Us and ThemApril 19, 2010 at 5:15 am | Posted in Giggles, Lollipop | 32 Comments
The kiddos have been stuck in the house all week. Rain, doctor’s appointments, last-minute pre-Bun projects, the snake that has taken up residence in our yard … It’s been a perfect storm transpiring against them.
So, this morning, I gauged their Tasmanian Devil–like growls, their disdain for finger painting again, the way in which they nonchalantly pummeled their beloved trains into the side of the kitchen cabinet. I turned to my husband and said, “We’ve got to get out of here.”
Cutting and Running
Yes, briefly, I contemplated the “we” being just Husband and me. But instead, we gathered up Lollipop and Giggles, velcroed on their shoes, deftly avoided tantrums about wearing jackets, stuffed animal crackers in the diaper bag, and headed out.
To get haircuts. Just the kind of thrilling excursion they needed. (Wisely, Pawpaw stayed home for some much-needed R&R.)
I’m Lovin’ It
After surviving the trauma of the shears and clippers (and cleaning out the shop’s bowl of peppermints in bribes rewards for good behavior), we headed for a real treat. McDonald’s.
OK, here’s where we could endlessly debate the merits of McDonald’s, given its nutritionally sketchy menu (those apple slices don’t fool me), smells-like-gym-socks playgrounds, and trash bag upon trash bag of cardboard and plasticware. But. My kids like it. And today, they needed, nay, deserved, something just for them. So off we went to the land of Golden Arches and trans-fat.
The Eighth Wonder of the Toddler World
They had a blast, and I tried not to cringe too much. The entire trip, I found myself having thoughts such as, “There’s no way we won’t all be running fevers tomorrow.” While my kids were no doubt thinking, “Wow, look at this amazingly shiny green window. What would it sound like if I drummed on it with my fingernails??”
I was struck by these differences. Between us and them. Adults and children. When do we become so darn practical? When do we lose our sense of unadulterated wonder at the world around us? Is it even possible to hold onto it?
Where Moms Fear to Tread
Take these examples from our afternoon excursion:
1. While camping out at our booth to wait for their meal, Lollipop and Giggles poked, prodded, pushed, and otherwise manhandled the various textures of the speckled tabletop, booth divider, plastic molding, and bench seats. In my head: “There is surely not enough Purell in all the world for this.”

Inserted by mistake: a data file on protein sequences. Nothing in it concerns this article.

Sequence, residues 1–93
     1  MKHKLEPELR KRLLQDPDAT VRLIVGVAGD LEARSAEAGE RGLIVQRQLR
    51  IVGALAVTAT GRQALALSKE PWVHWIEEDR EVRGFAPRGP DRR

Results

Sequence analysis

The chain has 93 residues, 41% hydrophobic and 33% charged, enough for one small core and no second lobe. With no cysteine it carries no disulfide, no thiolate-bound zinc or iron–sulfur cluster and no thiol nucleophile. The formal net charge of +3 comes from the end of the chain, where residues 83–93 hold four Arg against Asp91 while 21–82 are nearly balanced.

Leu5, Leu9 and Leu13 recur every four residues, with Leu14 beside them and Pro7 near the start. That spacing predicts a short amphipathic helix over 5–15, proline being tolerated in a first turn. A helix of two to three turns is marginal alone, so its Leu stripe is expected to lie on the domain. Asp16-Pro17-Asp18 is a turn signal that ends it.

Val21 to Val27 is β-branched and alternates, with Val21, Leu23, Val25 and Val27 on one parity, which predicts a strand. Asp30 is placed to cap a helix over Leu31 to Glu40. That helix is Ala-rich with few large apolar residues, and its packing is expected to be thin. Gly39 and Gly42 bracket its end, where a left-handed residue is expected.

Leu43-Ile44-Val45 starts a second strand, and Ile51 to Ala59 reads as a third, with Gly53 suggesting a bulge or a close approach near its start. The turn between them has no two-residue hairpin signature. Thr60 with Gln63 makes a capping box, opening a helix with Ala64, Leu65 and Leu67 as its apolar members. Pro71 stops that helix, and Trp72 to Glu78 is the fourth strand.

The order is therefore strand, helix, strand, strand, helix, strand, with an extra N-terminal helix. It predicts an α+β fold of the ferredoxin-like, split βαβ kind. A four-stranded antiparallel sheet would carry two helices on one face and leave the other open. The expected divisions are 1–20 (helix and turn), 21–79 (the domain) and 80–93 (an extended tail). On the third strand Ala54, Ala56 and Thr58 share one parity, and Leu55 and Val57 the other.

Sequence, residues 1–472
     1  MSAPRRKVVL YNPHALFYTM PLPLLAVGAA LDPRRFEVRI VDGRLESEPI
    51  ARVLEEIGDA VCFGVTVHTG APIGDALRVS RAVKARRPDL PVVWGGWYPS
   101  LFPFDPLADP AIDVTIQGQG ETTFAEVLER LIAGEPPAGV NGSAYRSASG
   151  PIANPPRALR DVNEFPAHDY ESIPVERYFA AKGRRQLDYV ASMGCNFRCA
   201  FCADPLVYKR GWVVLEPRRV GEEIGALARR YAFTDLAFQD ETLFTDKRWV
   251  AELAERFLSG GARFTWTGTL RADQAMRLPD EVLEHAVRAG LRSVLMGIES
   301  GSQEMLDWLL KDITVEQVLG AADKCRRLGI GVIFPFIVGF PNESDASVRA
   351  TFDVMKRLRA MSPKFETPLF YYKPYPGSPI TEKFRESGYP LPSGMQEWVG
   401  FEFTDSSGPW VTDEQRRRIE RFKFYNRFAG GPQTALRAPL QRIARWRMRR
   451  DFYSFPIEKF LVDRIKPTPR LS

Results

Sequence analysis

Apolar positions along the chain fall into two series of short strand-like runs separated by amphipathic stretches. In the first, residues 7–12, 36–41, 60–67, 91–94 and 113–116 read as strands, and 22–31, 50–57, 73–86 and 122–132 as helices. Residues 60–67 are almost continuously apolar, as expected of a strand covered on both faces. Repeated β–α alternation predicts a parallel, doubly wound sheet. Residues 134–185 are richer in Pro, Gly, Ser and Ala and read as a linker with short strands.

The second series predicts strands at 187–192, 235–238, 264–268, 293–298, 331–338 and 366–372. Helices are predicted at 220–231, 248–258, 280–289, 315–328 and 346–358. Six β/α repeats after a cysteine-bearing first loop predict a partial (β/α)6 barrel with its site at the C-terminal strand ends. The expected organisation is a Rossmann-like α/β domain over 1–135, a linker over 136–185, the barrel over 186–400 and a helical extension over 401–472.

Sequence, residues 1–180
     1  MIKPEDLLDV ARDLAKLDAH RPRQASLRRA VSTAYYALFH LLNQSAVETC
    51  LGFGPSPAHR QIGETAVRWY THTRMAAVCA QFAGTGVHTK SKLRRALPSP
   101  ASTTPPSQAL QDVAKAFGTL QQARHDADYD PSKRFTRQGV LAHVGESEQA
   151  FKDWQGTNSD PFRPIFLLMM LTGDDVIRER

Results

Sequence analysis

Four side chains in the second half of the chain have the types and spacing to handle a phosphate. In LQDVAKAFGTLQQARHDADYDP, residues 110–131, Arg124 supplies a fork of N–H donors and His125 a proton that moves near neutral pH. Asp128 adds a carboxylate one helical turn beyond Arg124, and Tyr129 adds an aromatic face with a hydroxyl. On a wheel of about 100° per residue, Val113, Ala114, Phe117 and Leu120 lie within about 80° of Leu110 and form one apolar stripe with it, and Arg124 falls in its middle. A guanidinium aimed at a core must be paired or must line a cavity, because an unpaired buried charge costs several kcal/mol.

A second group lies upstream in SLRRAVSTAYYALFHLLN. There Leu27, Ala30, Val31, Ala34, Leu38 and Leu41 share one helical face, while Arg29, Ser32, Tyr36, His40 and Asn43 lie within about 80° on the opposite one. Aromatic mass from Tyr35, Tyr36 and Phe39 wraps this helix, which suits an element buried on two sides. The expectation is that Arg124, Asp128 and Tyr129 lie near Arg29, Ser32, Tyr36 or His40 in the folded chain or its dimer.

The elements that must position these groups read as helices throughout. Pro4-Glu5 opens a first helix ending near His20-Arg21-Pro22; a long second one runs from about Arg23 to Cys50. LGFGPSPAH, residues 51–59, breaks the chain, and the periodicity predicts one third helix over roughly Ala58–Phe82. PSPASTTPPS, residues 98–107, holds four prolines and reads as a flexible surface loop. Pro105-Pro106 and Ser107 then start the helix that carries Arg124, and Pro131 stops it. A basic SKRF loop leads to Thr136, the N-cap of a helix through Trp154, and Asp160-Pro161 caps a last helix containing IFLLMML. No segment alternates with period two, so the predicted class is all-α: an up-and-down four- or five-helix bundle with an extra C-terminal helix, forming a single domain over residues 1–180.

2. In his haste to gulp down the chocolate milk, Giggles dropped his sippy cup on the floor. In my head: “They mop every day, they mop every day, they mop every day.”
3. Lollipop got her very own ice cream cone for dessert. (Her first solo cone!) In my head: “Stain-stick that princess dress from scalloped bodice to pearl-lined hem the moment we get home.”
4. Giggles picked up someone’s discarded receipt from the floor and made a beeline for the ketchup-and-salmonella-covered trash can. In my head: “T-minus two seconds until contamination. Must intercept child now!”
5. Lollipop called down from the very high, very yellow playground tunnel — the one she has never been brave enough to climb into before — that there was water inside. In my head: “Please, please, please let it be rain and not some strange kid’s pee.”
Never mind that Lollipop tried something new, or that Giggles tried to clean up on his own. All I could think about was germs and messes and inconveniences. I still let them explore, relish the experience. I bit my tongue and crossed my fingers. But the thoughts were there, were very much present.
I hope they were too enthralled with the paper-napkin dispenser and salt shakers to notice. Either way, they scarfed down their ice cream. And I used up our whole bottle of Purell.
How do you and your children experience the world differently? How do you strike a balance between “us” and “them”? What’s the worst fast-food playground you’ve ever visited?